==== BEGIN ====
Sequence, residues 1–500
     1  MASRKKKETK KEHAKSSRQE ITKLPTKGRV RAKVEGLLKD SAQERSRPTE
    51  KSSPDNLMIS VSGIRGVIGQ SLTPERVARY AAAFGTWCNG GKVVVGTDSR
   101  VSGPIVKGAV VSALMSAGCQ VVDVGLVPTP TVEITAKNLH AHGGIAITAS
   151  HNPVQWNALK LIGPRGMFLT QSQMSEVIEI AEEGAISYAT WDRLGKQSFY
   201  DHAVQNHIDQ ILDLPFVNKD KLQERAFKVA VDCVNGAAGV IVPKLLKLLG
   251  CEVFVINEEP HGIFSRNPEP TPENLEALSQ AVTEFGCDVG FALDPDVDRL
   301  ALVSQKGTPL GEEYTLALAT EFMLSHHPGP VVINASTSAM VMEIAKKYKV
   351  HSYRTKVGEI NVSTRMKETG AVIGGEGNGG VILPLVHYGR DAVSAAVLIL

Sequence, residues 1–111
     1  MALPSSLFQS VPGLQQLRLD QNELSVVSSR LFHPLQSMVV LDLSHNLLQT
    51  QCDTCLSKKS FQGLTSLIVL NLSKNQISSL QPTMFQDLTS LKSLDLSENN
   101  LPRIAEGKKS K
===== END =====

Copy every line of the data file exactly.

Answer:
Sequence, residues 1–500
     1  MASRKKKETK KEHAKSSRQE ITKLPTKGRV RAKVEGLLKD SAQERSRPTE
    51  KSSPDNLMIS VSGIRGVIGQ SLTPERVARY AAAFGTWCNG GKVVVGTDSR
   101  VSGPIVKGAV VSALMSAGCQ VVDVGLVPTP TVEITAKNLH AHGGIAITAS
   151  HNPVQWNALK LIGPRGMFLT QSQMSEVIEI AEEGAISYAT WDRLGKQSFY
   201  DHAVQNHIDQ ILDLPFVNKD KLQERAFKVA VDCVNGAAGV IVPKLLKLLG
   251  CEVFVINEEP HGIFSRNPEP TPENLEALSQ AVTEFGCDVG FALDPDVDRL
   301  ALVSQKGTPL GEEYTLALAT EFMLSHHPGP VVINASTSAM VMEIAKKYKV
   351  HSYRTKVGEI NVSTRMKETG AVIGGEGNGG VILPLVHYGR DAVSAAVLIL

Sequence, residues 1–111
     1  MALPSSLFQS VPGLQQLRLD QNELSVVSSR LFHPLQSMVV LDLSHNLLQT
    51  QCDTCLSKKS FQGLTSLIVL NLSKNQISSL QPTMFQDLTS LKSLDLSENN
   101  LPRIAEGKKS K